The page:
Another Dividend Reinvestment Millionaire – Sylvia Bloom
I have written about 10 dividend millionaires in my Dividend Power Week in Review. You can take a look at my article Secret Dividend Millionaires that discusses all ten in detail. I also outline the Three Principles of the Secret Dividend Millionaires in the article. Today I talk about another dividend reinvestment millionaire, Sylvia Bloom.
Who is Sylvia Bloom?
Sylvia Bloom died at the age of 96 in 2016. When she died, she had a fortune of more than $9 million, and was another dividend reinvestment millionaire. She never had a high paying job. She was legal secretary who worked at the same law firm, which is now Gottlieb, Steen, & Hamilton in New York City for 67 years. Since she never had children of her own, she left the bulk of her fortune to charity. Henry Street Settlement, a social services group, received $6.24 million. Another $1 million went to Hunter College, and another $1 million went to a scholarship fund. The rest of her wealth was divided amongst friends and family.
Reportedly, Sylvia Bloom lived a modest and frugal life in a rent-controlled apartment in Brooklyn. She packed her own lunch. Reportedly, she was not showy, did not call attention to herself, and did not talk about money. She was married to, Raymond Margolies, a fire fighter, who died in 2002. She took the subway to work on most days. She earned her college degree from Hunter College attending night classes while working.
She joined the relatively new (at the time) law firm, Cleary Gottlieb as a secretary in 1947. So, her salary was probably fairly modest for much of her life. However, she turned her salary into a fortune of over $9 million. Her strategy was fairly simple. She built her wealth by paying attention to the investments of the attorneys in her office, who were often asking her to relay their investment choices in the stock market to their brokers. Sylvia Bloom’s niece indicated that “…when the boss would buy a stock, she would make the purchase for him and then buy the same stock for herself, but in a smaller amount because she was on a reporter’s salary.”
How Did Sylvia Bloom Become a Dividend Millionaire?
Sylvia Bloom was obviously a shrewd investor. When she died her wealth was split between 11 banks and three brokerage houses. She was not formally trained in investing. She learned about it on her own like many of us. It is not entirely clear which stocks Sylvia Bloom owned, but reportedly ExxonMobil (XOM) and Colgate-Palmolive (CL) were amongst them. These companies have grown wealth for many decades.
Using a dividend reinvestment calculator and assuming that Sylvia Bloom had invested $1,000 in ExxonMobil in 1970 it would have grown to about $2.9 million with an annualized return of 18.7% in mid-2016. An investment in Colgate-Palmolive would have grown to over $6.3 million with an annualized return in the same time period.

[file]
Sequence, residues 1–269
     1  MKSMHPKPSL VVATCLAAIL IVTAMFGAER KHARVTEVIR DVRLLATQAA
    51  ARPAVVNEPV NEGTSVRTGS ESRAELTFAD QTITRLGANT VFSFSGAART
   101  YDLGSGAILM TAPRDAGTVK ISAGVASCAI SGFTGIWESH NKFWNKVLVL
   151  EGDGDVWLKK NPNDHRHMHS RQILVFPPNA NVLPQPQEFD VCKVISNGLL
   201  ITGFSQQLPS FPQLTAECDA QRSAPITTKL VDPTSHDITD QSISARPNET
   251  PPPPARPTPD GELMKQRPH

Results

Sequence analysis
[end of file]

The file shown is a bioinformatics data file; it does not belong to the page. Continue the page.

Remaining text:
Final Thoughts on Another Dividend Millionaire – Sylvia Bloom
The combination of a frugal lifestyle, saving her money, and her longevity allowed her to become another dividend reinvestment millionaire. She was a child of Great Depression and knew what it was like to not have too much money and she lived below her means allowing her to save money. Her longevity would permit her investments to leverage the power of compounding. We all know how important that is for building wealth through dividend stocks.
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Dividend Increases and Reinstatements
McCormick & Company (MKC) announced a 2-for-1 split for shareholders of record on November 20th. The spice and seasoning giant is a long-time dividend growth stock having raised the dividend for 33 consecutive years. The stock is on the Dividend Aristocrats and Dividend Champions lists.
Starbucks (SBUX) raised the dividend 9.8% to $0.45 per share from $0.41 per share. This is the 11th consecutive increase making the stock a Dividend Contender.
Bank OZK (OZK) hiked the dividend 0.9% to $0.275 per share from $0.273 per share. This is the 24th consecutive increase. The stock is a Dividend Contender.
Conagra Foods (CAG) raised the dividend a whopping 29.4% to $0.275 per share from $0.212 per share. The dividend had been flat since 2017.
Lennar Corporation (LEN) raised the dividend an impressive 100% to $0.25 per share from $0.125 per share. This is the second increase this year. Note that the dividend was $0.04 per share in 2019.
Coronavirus Dividend Cuts and Suspensions List
I updated my coronavirus dividend cuts and suspensions list this past Wednesday. The number of companies on the list has risen to 412. We are well over 10% of companies that pay dividends having cut or suspended them since the start of the COVID-19 pandemic. The number of companies on the list continues to rise each week.
No companies were added to the list in the past week.
I included 8 companies that I had previously missed. The 8 companies that I previously missed were Moog (MOG.A), HDFC Bank Limited (HDFC), Orange S.A. (ORAN), Dick’s Sporting Goods (DKS), Harvest Capital Credit Corporation (HCAP), Royal Caribbean Group (RCL), SM Energy Company (SM), and Diversified Royalty (BEVFF).
I added a detailed discussion of Darden Restaurants (DRI) dividend suspension and reinstatement. The new dividend is at a lower level than before the pandemic started so the dividend was effectively cut. I add a new article on a dividend suspension or cut every week.
Market Valuation – Another Dividend Reinvestment Millionaire